The Lifetime channel gets labeled many things, but revolutionary isn’t one of them. And yet, while watching their latest Christmas romance, “Christmas Ever After,” I kept using that word. The story is simple: Romance writer Izzi Simmons travels to a small-town family lodge for Christmas where she meets a man who looks just like the fictional figure on her book covers. If you think you know where the story goes you’d be absolutely right. The difference is that Izzi is played by Tony winner — and wheelchair user — Ali Stroker.
When the script for “Christmas Ever After” came her way, Stroker — who has been a vocal proponent of inclusive casting and casting disabled performers in any role — was immediately drawn to how the role didn’t require a disabled performer specifically. “I was so thrilled to see disability wasn’t necessarily a part of the story,” Stroker told IndieWire. “I believe that is progress. We don’t always need to talk about addressing a disability in a narrative. There can be a love story with somebody with a disability…that maybe doesn’t need to be explained.” Stroker’s casting, according to director Pat Kiely, was a mutual decision by both Lifetime, as well as the feature’s producers. “It was presented to me and I was like ‘Cool, this is a great idea,'” he said.
For Kiely — who has worked as a director for over a decade — working with a disabled performer was uncharted territory. “I grew up in Montreal [and] there was this program where they brought in a few kids each year to a disabled school,” he said, but outside of that he hadn’t interacted much with disability in a professional capacity. He cited Stroker for taking the reins and working with him to make Izzi a character whose disability is never a factor or limitation. “He [Pat] was so open to all my suggestions in ways that I thought would make the story more authentic,” Stroker said.
Watching “Christmas Ever After,” especially as a disabled consumer, is refreshing purely for those suggestions that have never been showcased in a movie (unless the story is about how a disabled person overcomes their issues). “I’ve never seen somebody drive with hand controls in a movie,” Stroker said. “It’s so funny, too, because so often people are like, ‘Can you drive? How do you drive?'”
What takes on even more significance is Stroker herself, a disabled woman whose character is presented as confident, ambitious, and desirable. Too often when disabled women are featured onscreen, they’re never given romantic aspirations. To watch Stroker’s Izzi go on a date is to give disabled girls an introduction into how dating and romantic moments are different with a wheelchair. “I really let her [Stroker] take the lead,” Kiely said. “She shared a lot of personal things in her own life. There’s a real romantic scene where Daniel [di Tomasso] takes her hand and pulls her up this ramp. She [Stroker] said her and her fiance, when they have romantic strolls together….that’s how they do that.”
Another element Stroker brought to Kiely’s attention that he didn’t know about was the distinctions in height, which became a key factor in not just blocking but character development. “These movies are often about a couple who are at odds but have a connection,” he said. “[I’d] keep Daniel standing in the first half of the movie but then, slowly, have him sit down more, come down to her level [and] see her more.” Stroker and di Tomasso talked regularly about how he’d be standing and where the camera would be, in the hopes of showing how the figurative dance that takes place between a couple falling for each other can work with a wheelchair. “Those things are just so important because they bring in representation that’s not usually part of the story,” Stroker said.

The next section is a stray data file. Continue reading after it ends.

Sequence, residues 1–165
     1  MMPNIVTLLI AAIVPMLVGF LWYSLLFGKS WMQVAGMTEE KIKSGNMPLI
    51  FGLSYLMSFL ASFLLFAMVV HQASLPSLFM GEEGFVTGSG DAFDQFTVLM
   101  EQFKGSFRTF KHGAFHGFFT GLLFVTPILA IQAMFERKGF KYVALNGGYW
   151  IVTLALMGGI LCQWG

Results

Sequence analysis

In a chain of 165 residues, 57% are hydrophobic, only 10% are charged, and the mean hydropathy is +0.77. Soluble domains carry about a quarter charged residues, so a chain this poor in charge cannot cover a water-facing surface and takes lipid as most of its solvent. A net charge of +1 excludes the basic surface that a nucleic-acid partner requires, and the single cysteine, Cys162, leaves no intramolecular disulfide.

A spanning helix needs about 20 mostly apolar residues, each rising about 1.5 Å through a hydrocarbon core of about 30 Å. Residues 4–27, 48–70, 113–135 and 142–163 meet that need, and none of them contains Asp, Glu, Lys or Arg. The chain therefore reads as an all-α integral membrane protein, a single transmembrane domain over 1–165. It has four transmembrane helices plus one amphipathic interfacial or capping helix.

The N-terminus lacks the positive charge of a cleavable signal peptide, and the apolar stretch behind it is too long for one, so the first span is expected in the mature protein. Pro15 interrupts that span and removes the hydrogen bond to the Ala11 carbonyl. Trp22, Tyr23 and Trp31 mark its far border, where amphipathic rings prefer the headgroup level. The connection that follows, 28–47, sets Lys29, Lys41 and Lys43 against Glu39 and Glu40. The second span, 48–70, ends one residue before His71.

The fairytale romance of “Christmas Ever After” doesn’t just begin and end with its romantic plotline, but in creating a world free of accessibility concerns. Stroker understands the movie is idealized in having Izzi not run into any physical barriers, but she hopes by watching her character in these spaces that it will spark conversation about changing locations to meet disabled needs. “If we want a world where there are shorter counters shouldn’t we create that to show people that they can have lower desks?” she said. “In order for us to progress we need to see how it can — because somebody who is able-bodied may not recognize that.”
Accessibility also extended to the sets as well. “We shot in a brownstone and they built a ramp for me to get into that brownstone,” Stroker said. “They went out of their way to make all the locations and all of the sets accessible, and the reason they did that is because it’s what should be done.” Stroker said she doesn’t worry about advocating for herself on-set because her requests are no different than any other actor on a production; it’s what she needs to be successful as a performer. “When you hire someone who needs certain accommodations it’s not a favor, it’s part of hiring someone,” she said. “Every person who goes to work needs certain things. A ramp is not that big a deal.”
Kiely said it’s certainly compelled him to look at his own sets going forward, with the goal of hiring more disabled talent. In the meantime, he believes young women watching “Christmas Ever After,” especially disabled women, will feel seen. “I hope…that some little girl with a disability sees the movie and it ignites their own romantic fantasy,” he said.
As a former little girl who dreamed of watching a disabled Molly Ringwald get the guy, watching “Christmas Ever After” certainly gave me what I’d been missing all these years.
“Christmas Ever After” airs on Lifetime on December 6.